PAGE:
The pitfalls of Kenya maize probe

February 10, 2010 12:00 am

, NAIROBI, Kenya, Feb 10 – An international audit firm that investigated Kenya’s subsidised maize scheme fiasco has expressed worry that those involved in the scandal have had enough time to cover their tracks.

The 336-page report by PriceWaterhouseCoopers (PwC) – which is in our possession – recommends further investigations, particularly the scrutiny of bank accounts of those implicated but worryingly notes that this is happening rather later coming a year since the scandal broke out.

“Given the prominence in the press of these allegations, any wrongdoers have had ample time to cover up or destroy evidence of their activities.  Indeed, we have noted indications that documents have been concealed from us,” the PwC report says.

The audit firm adds that apart from failure to access certain documents, the state of records at the National Cereals and Produce Board (NCPB) – the government agency at the center of the scandal – was very poor.

“We must point out that we have not had full cooperation or assistance from all public officials.  Some documentation was either not made available to us or else was only made available to us after considerable delays.”

The report points at an abuse of the procurement procedures at the NCPB, which led to the loss of about Sh2 billion.

“We believe we have been able to uncover the broad modus operandi underlying abuse and wrongdoing associated with the scheme at NCPB, plus identify acts of wrongdoing by key individuals who we believe may be culpable.”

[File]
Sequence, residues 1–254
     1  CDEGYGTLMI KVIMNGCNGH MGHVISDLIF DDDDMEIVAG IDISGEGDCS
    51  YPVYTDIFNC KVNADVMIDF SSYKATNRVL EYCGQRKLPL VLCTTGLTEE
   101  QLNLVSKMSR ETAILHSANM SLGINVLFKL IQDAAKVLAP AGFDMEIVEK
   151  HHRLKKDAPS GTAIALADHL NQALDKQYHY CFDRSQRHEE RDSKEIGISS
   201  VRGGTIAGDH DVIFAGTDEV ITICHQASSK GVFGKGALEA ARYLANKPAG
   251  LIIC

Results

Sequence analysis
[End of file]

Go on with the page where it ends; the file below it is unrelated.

Among those implicated are senior personnel at the Prime Minister’s Office, Permanent Secretaries and top managers at the National Cereals and Produce Board.

Due to the constraints encountered in accessing information, PwC has recommended further investigations.

“We recommend that further investigations be conducted by the KACC and/or the CID (Criminal Investigations Department) with a view to taking this investigation to a higher level whereby there would be greater certainty of identifying all of the individuals who may have committed abuse of office and other crimes related to the subsidised maize scheme.”

The subsidised maize scheme was initiated by the government to deal with food shortage initially forecast in the early months of 2008. The overall scheme was in place for around 10 months from the end of May 2008 to March last year when it was formally terminated.

The scheme involved a subsidy whereby maize comprising the Strategic Grain Reserve was meant to be sold by the government through NCPB to millers at a specific fixed price which the government felt would enable consumer prices remain at affordable levels.

Among the irregularities cited include over dominance by certain millers in the purchase of maize from the NCPB, sales to firms that were not in the milling business, or to companies that are not even registered.

“In the course of this investigation, we faced challenges in getting cooperation from millers, traders and other parties which participated in Phase 1 of the subsidised scheme under review.  A number of parties refused to meet with us,” the report says.

Other misdeeds emerging in the report are abuse of office, favouritism, failure to keep proper accounting records, false accounting and conflict of interest.


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